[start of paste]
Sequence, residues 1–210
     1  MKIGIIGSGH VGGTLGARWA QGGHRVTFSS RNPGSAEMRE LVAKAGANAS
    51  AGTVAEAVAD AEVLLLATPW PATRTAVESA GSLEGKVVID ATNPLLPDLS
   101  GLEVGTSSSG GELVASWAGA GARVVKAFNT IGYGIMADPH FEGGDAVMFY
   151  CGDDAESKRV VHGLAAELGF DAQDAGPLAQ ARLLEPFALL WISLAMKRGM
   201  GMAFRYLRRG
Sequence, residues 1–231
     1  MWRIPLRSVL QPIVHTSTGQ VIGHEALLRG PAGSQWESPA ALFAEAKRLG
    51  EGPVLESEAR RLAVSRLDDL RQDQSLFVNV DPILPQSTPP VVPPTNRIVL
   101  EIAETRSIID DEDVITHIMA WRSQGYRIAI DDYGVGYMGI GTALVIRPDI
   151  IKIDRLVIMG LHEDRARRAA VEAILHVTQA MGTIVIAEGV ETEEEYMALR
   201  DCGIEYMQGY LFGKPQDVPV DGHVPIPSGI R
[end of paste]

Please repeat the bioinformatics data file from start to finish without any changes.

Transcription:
Sequence, residues 1–210
     1  MKIGIIGSGH VGGTLGARWA QGGHRVTFSS RNPGSAEMRE LVAKAGANAS
    51  AGTVAEAVAD AEVLLLATPW PATRTAVESA GSLEGKVVID ATNPLLPDLS
   101  GLEVGTSSSG GELVASWAGA GARVVKAFNT IGYGIMADPH FEGGDAVMFY
   151  CGDDAESKRV VHGLAAELGF DAQDAGPLAQ ARLLEPFALL WISLAMKRGM
   201  GMAFRYLRRG
Sequence, residues 1–231
     1  MWRIPLRSVL QPIVHTSTGQ VIGHEALLRG PAGSQWESPA ALFAEAKRLG
    51  EGPVLESEAR RLAVSRLDDL RQDQSLFVNV DPILPQSTPP VVPPTNRIVL
   101  EIAETRSIID DEDVITHIMA WRSQGYRIAI DDYGVGYMGI GTALVIRPDI
   151  IKIDRLVIMG LHEDRARRAA VEAILHVTQA MGTIVIAEGV ETEEEYMALR
   201  DCGIEYMQGY LFGKPQDVPV DGHVPIPSGI R